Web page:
And I'm always surprised when I teach classes on EEO and discrimination issues, and we talk about discrimination based on gender identity, that my students mostly want to talk about bathrooms.
While there is a plethora of interesting case law and issues about discrimination in employment based on how we perceive someone's gender - such as whether we think they look the way we think a man or a woman should look - people instead want to talk about bathrooms. If you want an entertaining take on the transgender bathroom issue, listen to Garrison Keillor's recent discourse on Prairie Home Companion. http://prairiehome.org/shows/april-2-2016/
While I'm not taking sides in the political debate, and the law is still being sorted out, most courts who have considered the issue - as well as the EEOC - have taken the view that people should be allowed to use the bathroom that corresponds with the gender they identify with, meaning whether they perceive themselves to be male or female. http://www.lambdalegal.org/know-your-rights/transgender/restroom-faq
While most of these decisions have focused on state laws, I feel confident that EEOC and federal court decisions will eventually trump all that. Basically, the federal and most state courts have held that you cannot discriminate based on illegal sexual stereotypes, protecting transgender people from discrimination based on the theory that you are discriminating based on a stereotype if you treat them differently.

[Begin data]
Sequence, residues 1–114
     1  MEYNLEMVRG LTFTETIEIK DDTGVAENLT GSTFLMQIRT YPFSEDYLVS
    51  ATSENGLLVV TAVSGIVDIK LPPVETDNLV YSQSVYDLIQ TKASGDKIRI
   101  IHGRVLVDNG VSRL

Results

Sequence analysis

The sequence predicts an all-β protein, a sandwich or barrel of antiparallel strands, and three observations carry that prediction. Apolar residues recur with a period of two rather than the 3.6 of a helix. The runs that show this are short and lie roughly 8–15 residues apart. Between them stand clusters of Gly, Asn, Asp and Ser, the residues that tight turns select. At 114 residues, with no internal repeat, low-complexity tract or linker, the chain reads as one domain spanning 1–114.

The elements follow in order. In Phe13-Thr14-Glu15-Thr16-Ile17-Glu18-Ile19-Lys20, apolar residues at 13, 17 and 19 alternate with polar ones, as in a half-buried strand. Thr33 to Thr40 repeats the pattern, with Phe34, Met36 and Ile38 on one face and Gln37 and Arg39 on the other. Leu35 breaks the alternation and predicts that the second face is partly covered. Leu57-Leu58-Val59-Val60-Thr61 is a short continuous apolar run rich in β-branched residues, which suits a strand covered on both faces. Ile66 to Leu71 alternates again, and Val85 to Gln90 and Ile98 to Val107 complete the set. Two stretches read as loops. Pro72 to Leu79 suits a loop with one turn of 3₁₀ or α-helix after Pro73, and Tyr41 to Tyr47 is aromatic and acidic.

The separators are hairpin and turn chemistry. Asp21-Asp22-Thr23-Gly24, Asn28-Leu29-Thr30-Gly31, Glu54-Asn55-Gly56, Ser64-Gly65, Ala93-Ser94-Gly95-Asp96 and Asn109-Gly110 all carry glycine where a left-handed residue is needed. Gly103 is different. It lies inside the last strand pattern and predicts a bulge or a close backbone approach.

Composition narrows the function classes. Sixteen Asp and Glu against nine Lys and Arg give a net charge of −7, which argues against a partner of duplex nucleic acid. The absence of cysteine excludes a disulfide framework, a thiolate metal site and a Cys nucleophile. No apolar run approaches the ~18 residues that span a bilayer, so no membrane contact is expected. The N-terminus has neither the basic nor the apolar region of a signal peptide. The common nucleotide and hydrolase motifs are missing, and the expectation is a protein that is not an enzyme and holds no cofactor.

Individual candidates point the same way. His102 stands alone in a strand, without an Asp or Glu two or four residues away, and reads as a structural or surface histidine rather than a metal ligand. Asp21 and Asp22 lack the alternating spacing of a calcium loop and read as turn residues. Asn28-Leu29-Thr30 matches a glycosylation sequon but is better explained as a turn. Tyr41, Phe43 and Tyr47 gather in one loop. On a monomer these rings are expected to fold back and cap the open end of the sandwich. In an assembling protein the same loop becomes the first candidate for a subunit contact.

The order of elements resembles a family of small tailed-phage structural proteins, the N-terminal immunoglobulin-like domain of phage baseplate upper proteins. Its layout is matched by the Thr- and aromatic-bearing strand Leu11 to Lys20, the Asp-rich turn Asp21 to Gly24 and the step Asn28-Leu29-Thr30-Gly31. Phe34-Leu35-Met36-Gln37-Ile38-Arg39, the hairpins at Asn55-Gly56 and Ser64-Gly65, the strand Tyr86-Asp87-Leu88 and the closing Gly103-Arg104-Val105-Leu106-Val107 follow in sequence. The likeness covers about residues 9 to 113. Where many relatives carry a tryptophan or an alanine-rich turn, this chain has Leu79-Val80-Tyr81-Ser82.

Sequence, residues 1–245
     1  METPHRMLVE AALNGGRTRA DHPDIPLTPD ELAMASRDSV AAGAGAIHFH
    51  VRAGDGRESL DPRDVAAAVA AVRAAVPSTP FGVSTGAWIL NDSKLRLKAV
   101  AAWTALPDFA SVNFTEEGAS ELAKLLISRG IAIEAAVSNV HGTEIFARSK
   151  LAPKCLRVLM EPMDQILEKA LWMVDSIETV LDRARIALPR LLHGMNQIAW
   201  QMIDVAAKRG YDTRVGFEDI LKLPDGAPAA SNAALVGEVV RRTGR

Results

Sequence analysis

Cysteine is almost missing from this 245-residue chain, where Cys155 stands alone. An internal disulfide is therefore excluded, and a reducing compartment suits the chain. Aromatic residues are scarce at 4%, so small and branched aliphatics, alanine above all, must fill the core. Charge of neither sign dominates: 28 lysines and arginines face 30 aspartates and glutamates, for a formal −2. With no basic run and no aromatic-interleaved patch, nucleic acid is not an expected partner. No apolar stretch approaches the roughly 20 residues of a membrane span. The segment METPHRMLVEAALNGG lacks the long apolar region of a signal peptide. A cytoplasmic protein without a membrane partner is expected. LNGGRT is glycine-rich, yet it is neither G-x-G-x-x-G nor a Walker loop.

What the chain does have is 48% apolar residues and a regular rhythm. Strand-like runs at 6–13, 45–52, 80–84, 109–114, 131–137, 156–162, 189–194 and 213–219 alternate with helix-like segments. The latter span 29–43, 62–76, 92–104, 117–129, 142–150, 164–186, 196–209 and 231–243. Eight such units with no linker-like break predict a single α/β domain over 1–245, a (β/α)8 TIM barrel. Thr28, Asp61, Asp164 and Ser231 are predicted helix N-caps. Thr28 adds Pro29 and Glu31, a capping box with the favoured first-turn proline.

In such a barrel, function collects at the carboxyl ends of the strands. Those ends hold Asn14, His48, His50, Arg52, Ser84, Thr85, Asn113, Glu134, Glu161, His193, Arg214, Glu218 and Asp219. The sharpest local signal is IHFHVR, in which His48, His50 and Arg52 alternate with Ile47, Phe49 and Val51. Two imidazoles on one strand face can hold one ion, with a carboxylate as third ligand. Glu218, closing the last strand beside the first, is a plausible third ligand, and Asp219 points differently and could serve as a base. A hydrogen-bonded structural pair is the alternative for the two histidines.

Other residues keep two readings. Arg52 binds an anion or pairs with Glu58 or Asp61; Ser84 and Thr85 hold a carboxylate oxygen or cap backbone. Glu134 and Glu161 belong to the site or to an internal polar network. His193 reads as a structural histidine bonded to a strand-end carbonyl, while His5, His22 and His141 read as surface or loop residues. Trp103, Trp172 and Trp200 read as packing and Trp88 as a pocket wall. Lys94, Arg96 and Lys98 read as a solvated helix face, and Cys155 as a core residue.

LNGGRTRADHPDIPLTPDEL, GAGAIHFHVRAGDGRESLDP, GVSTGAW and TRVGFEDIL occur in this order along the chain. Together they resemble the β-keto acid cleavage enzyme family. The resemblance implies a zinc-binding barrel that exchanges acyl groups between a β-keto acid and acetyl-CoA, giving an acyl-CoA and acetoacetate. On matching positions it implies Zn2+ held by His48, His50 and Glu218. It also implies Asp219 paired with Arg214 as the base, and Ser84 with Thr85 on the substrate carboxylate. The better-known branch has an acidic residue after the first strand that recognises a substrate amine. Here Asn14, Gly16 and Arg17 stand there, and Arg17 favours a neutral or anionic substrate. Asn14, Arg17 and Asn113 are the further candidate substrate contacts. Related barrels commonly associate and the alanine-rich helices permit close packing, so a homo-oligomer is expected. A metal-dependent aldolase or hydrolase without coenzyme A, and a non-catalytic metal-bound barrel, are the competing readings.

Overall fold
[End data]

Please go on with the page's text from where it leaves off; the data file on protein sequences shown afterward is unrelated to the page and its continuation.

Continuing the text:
Even though transgender employees may be a small percentage of the population, it is important to remember that sexual stereotypes are common and that they are illegal. Managers and employees should be trained to avoid them. Comments such as "she doesn't look like a woman, she doesn't dress like a woman, she doesn't walk like a woman", or conversely, "he looks more like a girl than a boy" are harmful comments where managers should intervene and employees who are bystanders should be encouraged to speak up.
Some discussions of the bathroom issue have wanted to focus on whether someone has made the transition from their gender at birth by having reassignment surgery. You can only imagine what an invasion of privacy it would be to do "genital checks" of everyone in the workplace! In addition, many of the discussions have avoided the reality that bathroom issues affect people with disabilities, since not all bathrooms are accessible. Likewise, people with small children encounter issues when deciding which bathroom is appropriate to utilize.
Some debaters express concern about the safety of women and girls, yet there is little actual evidence of transgender employees attacking women, nor of men dressing up as women in order to assault women.
While this issue may not affect every employer, the reality is that most employers are able to work things out by allowing people to use the restroom assigned to the gender they identify with, creating unisex restrooms or accommodating objecting employees by allowing them access to a private restroom.